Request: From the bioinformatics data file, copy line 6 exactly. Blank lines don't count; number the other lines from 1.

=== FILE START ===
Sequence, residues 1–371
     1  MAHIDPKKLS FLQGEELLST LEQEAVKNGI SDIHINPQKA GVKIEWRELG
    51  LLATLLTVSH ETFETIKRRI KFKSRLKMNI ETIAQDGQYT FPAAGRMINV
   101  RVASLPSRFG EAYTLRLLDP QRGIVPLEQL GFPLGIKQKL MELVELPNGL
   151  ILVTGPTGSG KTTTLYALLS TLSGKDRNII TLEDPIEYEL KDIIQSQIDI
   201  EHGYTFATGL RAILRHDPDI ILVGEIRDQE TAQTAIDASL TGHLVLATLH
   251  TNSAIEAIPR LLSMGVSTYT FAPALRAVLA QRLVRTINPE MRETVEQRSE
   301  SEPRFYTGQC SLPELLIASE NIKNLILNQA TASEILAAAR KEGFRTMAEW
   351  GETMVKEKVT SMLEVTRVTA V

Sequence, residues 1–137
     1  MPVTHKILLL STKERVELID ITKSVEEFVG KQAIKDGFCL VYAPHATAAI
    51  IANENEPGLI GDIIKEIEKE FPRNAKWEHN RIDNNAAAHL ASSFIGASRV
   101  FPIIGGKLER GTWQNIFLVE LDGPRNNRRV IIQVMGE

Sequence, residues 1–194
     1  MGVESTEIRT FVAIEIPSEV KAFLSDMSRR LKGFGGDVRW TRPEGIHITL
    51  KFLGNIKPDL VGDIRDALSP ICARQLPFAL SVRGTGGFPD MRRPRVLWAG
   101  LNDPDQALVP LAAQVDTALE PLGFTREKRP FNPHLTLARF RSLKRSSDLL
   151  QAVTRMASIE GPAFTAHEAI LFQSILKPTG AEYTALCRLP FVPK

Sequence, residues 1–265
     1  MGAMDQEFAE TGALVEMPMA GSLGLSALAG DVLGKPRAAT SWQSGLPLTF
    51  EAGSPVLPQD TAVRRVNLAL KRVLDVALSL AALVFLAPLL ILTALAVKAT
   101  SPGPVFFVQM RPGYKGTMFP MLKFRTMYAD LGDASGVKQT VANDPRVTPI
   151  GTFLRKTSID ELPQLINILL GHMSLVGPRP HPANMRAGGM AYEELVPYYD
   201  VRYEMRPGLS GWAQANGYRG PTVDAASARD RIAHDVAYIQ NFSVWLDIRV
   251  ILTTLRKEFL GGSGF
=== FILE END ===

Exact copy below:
   201  EHGYTFATGL RAILRHDPDI ILVGEIRDQE TAQTAIDASL TGHLVLATLH